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February 02, 2012 7:46 PM Getting to Affordable, the Heritage Foundation Way

By Daniel Luzer

The Heritage Foundation does not like President Obama’s new plan to try and reduce college tuition. While Heritage thinks Obama is focusing on an important issue, the organization says that his reforms “will not only fail to fix the problem but is also likely to compound it by blunting the competition that is needed to shake up the world of higher education.”

Among other things, Obama’s college reform proposal calls for a federal program that will give states generous financial rewards for getting college tuition (or more precisely the net price students pay for college) down.

According to the research report written by Heritage’s Stuart Butler:

Moreover, the extensive and expensive system of federal aid for college has actually exacerbated increases in the total cost of college. This is because colleges can boost tuition when such assistance enables students to offset part of their costs. To be sure, better-targeted student aid can help specific groups of students afford college, but increasing total aid, as the President proposes, will tend to increase—not decrease—the sticker price of college.
The antidote to this trend is not for the federal government to tweak college assistance. It is to encourage the mounting competition to the current cozy system coming from new and far less expensive higher education business models. Competition—not further involvement from the Department of Education—will transform higher education and sharply reduce costs in the future.

While the financial-aid-causes-colleges-to-increase-tuition theory is somewhat questionable, Butler has an interesting idea. Is innovation the solution? Perhaps.

It’s a risky idea, however; what country has been able to cut the cost people pay to go to college by reducing regulations on higher education? Find me one.

Daniel Luzer is the news editor at Governing Magazine and former web editor of the Washington Monthly. Find him on Twitter: @Daniel_Luzer

Comments

  • allaboutedu on February 03, 2012 4:03 AM:

    This plan is useful resources and this information for who are all reading this pages.

  • jonas on February 05, 2012 4:28 PM:

    First, @allaboutedu: huh? Second, it's not clear what Heritage envisions as "competition" here. Is it really possible to open up an institution somewhere in Boston that can offer everything Harvard does, but for 25% less? What would they cut back on? Faculty salaries? Just have computer terminals loaded with Google instead of a library? Then they're in no way "competing" with Harvard, just offering a far lesser product for a lower price. The best place to encourage "competition" is to expand the community college system. Right now, demand for the kind of training and education CCs provide is growing, but states and counties are cutting funds year after year, thereby starving our educational system of precisely the kind of competition Heritage talks about -- offering alternatives to high-priced universities and four-year colleges.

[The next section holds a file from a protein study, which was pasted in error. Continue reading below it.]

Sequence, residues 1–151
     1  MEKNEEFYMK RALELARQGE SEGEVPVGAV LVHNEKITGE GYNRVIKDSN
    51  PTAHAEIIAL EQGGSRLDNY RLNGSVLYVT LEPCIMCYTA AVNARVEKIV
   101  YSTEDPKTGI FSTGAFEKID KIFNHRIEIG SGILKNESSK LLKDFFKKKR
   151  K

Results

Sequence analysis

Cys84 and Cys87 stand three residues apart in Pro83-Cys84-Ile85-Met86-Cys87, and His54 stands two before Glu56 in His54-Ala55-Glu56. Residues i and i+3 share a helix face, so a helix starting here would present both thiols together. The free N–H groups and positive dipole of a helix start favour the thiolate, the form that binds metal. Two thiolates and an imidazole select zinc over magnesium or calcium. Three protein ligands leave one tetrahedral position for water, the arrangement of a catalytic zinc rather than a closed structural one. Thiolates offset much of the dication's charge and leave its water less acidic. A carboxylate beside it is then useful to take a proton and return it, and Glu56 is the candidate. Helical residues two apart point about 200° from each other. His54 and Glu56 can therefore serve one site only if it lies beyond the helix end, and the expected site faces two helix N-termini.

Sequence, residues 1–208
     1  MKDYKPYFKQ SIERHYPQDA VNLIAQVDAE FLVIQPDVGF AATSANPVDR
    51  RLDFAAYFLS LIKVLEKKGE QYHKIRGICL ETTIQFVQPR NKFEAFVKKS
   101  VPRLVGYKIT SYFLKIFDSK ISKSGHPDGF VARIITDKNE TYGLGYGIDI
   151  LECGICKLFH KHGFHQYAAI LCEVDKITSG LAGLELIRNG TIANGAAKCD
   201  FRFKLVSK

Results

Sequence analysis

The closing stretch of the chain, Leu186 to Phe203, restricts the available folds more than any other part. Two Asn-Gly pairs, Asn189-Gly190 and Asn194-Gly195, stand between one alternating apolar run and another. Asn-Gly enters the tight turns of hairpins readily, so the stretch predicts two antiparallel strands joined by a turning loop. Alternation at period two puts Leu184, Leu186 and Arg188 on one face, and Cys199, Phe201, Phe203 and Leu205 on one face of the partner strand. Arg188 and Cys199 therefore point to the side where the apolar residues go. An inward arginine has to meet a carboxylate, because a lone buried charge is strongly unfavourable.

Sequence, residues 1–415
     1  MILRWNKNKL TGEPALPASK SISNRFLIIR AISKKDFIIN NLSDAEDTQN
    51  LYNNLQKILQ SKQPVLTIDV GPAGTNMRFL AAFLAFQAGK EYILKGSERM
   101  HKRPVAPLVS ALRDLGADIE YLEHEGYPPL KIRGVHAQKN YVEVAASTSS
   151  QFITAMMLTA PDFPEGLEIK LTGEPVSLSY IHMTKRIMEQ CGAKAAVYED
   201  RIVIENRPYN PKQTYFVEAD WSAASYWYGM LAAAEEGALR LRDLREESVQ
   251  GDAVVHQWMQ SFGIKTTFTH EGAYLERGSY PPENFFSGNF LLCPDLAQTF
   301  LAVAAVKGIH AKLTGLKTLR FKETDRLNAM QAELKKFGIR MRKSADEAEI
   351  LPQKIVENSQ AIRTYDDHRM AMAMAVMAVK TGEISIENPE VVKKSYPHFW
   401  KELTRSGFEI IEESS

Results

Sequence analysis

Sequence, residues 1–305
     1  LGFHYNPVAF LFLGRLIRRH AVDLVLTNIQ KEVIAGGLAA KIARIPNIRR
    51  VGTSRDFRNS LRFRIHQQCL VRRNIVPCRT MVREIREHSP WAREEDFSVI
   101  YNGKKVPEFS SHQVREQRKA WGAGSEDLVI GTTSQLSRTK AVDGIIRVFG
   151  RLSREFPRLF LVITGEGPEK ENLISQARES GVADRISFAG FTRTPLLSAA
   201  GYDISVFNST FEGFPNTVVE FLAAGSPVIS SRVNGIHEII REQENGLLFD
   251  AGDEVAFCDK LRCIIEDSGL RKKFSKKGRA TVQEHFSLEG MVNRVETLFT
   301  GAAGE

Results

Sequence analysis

• pQuincy on February 06, 2012 11:15 AM:

    In addition, a good deal of what drives tuition at private schools is brand maintenance, not production costs. Almost all colleges actually don't cover their full costs of undergraduate education through tuition of course...though that cost includes supporting a good deal of a university's research mission, which combines a public good with a branding value.

    The branding race (in which more prestigious, more expensive, and more exclusive tend to go together) has relatively little to do with undergraduate education, moreover. Nobel prize winners don't usually teach many undergraduates, and when they do, there's no reason to think they do it especially well (some will, some won't). But the brand on your diploma has huge consequences for future earnings, and that brand is enhanced by (very expensive) Nobel Prize winners.

    The importance of brands has soared in higher education over the last decade, and in case after case, increasing costs have led to an _increase_ in applications, showing that few 'consumers' of undergraduate education are particularly cost-sensitive. This may change, of course, and inability to cover high costs is a major constraint on some families, as well. Johnny Mediocre who is upper-middle class can get into a decently branded liberal arts college by paying the full load, but that's not an option for Jimmy Mediocre from a lower-middle class family. There's a complex set of determinants, and I rather doubt that the Obama plan would have more than a marginal influence, as a wide range of institutions would adapt to it, as they have adapted to Federal financial aid, to shifting loan regimes, and so forth.